Lining the steps up, and in front of the existing Pencil Boxwoods, I added two Encore Azaleas that grow to about 4.5 feet tall to give the sidewalk leading up a little more drama. I also decided on white to off-set the pink colors of the smaller azaleas.

Behind the Azaleas I decided on a Gardenia that grows to about 5′ tall to give the client height and to border the porch with a little privacy. The flowers are also fragrant, making a moment on the porch that much sweeter. As well, the Gardenias are also evergreen, but their leaf color is a darker green than that of the Azaleas making them a really nice backdrop.

On the left side of the house, I decided on a smaller camellia that grows to about 8 ft tall and 6 ft wide with pink blooms in the winter. The dark glossy leaves of the Camellia will also create a pretty backdrop.

Finally, on the other end of the front of the house, I added a Hydrangea that won’t be noticed in the winter, but will be dramatic through the summer.

Here is the after:


Want to Plant Something In This Heat? Here’s What To Do.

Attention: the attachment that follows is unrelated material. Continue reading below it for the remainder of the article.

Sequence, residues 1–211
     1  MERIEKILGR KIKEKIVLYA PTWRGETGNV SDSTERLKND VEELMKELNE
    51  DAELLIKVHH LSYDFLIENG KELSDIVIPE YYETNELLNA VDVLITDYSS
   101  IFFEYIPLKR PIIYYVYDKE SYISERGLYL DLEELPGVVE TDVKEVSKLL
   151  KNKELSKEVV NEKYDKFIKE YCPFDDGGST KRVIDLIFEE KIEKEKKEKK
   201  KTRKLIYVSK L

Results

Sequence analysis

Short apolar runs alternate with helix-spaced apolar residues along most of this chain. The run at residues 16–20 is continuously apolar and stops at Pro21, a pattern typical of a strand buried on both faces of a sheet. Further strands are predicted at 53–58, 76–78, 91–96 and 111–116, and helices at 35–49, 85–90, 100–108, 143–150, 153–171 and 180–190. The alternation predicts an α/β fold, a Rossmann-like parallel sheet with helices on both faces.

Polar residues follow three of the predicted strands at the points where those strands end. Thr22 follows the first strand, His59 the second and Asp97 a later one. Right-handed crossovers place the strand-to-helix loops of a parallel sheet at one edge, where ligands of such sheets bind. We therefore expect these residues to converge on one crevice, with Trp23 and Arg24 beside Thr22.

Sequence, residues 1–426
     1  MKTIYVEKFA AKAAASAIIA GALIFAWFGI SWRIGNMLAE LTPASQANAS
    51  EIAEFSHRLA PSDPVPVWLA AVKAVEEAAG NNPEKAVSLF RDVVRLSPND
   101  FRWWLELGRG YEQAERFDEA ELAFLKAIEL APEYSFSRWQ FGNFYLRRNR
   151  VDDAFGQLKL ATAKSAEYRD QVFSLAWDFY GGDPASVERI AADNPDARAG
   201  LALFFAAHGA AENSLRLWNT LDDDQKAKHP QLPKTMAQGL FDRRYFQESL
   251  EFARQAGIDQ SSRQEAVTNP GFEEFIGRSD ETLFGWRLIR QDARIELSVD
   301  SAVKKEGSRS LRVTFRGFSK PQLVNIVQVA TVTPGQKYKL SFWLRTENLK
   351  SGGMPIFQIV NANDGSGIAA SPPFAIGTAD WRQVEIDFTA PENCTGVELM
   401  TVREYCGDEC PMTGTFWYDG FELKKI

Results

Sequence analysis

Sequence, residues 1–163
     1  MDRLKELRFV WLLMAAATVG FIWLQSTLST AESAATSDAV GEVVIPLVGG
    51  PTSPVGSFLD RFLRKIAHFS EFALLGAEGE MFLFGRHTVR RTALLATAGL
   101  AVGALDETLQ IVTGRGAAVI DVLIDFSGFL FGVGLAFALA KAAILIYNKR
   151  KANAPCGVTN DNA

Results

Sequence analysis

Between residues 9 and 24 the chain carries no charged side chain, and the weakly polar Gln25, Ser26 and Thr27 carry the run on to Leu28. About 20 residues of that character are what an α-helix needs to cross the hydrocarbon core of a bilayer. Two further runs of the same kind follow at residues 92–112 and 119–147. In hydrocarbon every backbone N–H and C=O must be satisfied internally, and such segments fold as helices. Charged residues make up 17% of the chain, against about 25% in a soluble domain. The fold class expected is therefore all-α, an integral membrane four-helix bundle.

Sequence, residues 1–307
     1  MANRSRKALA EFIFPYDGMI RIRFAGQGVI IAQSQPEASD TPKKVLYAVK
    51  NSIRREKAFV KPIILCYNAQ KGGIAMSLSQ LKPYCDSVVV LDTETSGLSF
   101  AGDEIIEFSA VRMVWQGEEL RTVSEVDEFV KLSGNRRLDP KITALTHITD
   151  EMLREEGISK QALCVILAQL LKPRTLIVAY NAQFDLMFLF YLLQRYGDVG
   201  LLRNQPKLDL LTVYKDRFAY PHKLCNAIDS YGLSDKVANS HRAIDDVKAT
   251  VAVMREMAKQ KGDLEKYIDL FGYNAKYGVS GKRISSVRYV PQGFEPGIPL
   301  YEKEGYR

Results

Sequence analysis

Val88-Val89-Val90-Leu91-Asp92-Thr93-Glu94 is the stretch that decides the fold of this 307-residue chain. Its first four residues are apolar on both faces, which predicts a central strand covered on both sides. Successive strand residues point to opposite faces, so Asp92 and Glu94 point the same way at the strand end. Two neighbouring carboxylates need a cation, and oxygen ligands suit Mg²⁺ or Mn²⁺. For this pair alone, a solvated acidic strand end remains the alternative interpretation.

It’s almost the middle of what is quickly becoming a sweltering, never-ending summer. As you look at your landscape everyday, you feel something is missing and you have an idea of what it is. Color.
After the rush of color during the spring, June can often seem very green. It’s beautiful, but its also like a pause for a couple of weeks while we wait for the summer bloomers to take over.
That is if you have your landscape figured out. But maybe you never got around to planting any summer blooms and you have no color to look forward to. Or perhaps your landscape sits in the shade and it seems like everything that blooms needs full sun.
Believe me, I’m feeling it all right now. I’m always moving plants, propagating, dividing and adding and right now that’s all I want to do.